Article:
Win’s zero-sum game

Since Senator Sherwin Gatchalian appears to have the scenarios for an abrupt exit of Philippine Offshore Gaming Operators figured out, those who will be displaced primarily real estate owners should seek him out for assistance.

The government should also ask him for the recovery of lost revenues similar to the crafting of a counterpart measure when Congress passes a revenue-draining bill such as one providing for a populist tax cut.

Gatchalian is now urging the Department of Labor and Employment to expedite a program that would assist Filipino workers in the event of displacement from the POGO’s closure.

“While we do not expect an abrupt displacement of POGO workers, it is important that immediate assistance or intervention is readily available for these Filipino workers to find replacement jobs as soon as possible,” Gatchalian said.

According to the senator, the licensed POGOs were under-declaring their income resulting in a tax leakage of P1.9 billion a year.

Gatchalian’s efforts should be seen in the light of his past pursuit as chairman of the Senate energy panel when he blocked a private transaction between oil giants Chevron and Shell with the Udenna Group that caused a setback in the rehabilitation of the Malampaya field.

He also offered solutions that were later found untenable, while the intrusion caused uncertainties among investors who detest government hand in business deals.

Real estate expert David Leechiu said a ban on POGOs would be felt in various sectors of the economy, far from the oversimplified assessment of Gatchalian.

An immediate impact would be in the property sector where P26 billion in office rent was already lost since 2020 after 630,000 square meters of POGO offices were vacated.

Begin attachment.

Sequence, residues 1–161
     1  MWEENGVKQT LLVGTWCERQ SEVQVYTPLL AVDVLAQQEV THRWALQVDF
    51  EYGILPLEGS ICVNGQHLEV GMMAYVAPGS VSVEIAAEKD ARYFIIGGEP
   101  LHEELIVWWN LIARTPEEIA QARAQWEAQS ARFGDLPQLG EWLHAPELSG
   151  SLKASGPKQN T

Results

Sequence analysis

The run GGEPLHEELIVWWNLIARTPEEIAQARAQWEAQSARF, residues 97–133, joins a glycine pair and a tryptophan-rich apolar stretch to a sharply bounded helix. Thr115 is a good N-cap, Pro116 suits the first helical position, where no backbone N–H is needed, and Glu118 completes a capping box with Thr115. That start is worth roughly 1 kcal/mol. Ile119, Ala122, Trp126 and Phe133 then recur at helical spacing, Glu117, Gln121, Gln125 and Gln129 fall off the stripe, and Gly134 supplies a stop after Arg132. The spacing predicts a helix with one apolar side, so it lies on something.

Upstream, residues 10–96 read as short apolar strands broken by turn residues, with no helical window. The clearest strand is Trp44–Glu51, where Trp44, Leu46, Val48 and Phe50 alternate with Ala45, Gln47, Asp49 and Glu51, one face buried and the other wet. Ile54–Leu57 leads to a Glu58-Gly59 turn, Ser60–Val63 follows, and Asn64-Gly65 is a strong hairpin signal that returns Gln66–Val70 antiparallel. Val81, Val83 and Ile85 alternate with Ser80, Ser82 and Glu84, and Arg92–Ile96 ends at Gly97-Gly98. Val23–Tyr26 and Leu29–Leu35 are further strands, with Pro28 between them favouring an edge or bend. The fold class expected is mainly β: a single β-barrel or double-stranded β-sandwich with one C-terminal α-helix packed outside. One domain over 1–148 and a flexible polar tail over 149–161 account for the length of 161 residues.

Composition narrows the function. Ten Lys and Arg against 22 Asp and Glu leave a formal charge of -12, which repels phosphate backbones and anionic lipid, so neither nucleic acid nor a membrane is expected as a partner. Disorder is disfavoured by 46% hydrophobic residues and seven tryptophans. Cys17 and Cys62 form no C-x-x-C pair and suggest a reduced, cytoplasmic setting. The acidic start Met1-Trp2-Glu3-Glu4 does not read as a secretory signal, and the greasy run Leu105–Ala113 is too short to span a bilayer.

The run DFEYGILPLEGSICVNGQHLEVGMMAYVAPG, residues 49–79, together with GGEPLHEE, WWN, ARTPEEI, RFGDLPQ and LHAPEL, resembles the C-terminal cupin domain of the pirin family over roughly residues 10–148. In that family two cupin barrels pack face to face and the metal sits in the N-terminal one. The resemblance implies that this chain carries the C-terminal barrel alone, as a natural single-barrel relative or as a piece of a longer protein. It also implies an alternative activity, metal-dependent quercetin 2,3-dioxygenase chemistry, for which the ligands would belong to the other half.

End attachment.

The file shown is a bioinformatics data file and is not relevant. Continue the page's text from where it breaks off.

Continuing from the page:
The closure of POGO outlets resulted in the contraction in the real estate market for the past 3 years, according to Leechiu.

He added that a full exit of the POGO industry is expected to “not only accumulate further losses in sources of income and tax but also increase office vacancies and push rental rates further down than the pandemic effect.”

Rent has declined among offices in key business areas, Leechiu said.

In the Manila Bay area, office rent now fell from P1,500 per square meter in 2019 to P600/sqm.

During the same period, Makati City rent went down from P1,500/sqm to P900/sqm; Alabang, P1,000/sqm to P600/sqm; Cavite, P700/sqm to P400/sqm and Ortigas Center and Mandaluyong, P900/sqm to P600/sqm.

A full withdrawal of POGOs will be disastrous to the property sector as forecast rent in the Manila Bay area will further dip to P300/sqm; Makati City, P700/sqm; Alabang. P300/sqm, Ortigas Center and Mandaluyong, P300/sqm and Cavite, P250/sqm.

Total income displacement would be P45 billion annually in missed rent, according to Leechiu.

The other potential losses are 567,000 jobs, up to P91.4 billion in foregone income tax, P22.5 billion worth of annual electricity consumption, P46.5 billion in annual housing rent, and P1.5 billion in daily spending from POGO agents.

Gatchalian’s simplistic solution is that the losses can be regained in the Business Process Outsourcing sector including for those who will be laid off.

The only likely beneficiary of the POGO pullout would be Gatchalian, who gets to collect brownie points at the expense of an economic growth driver.

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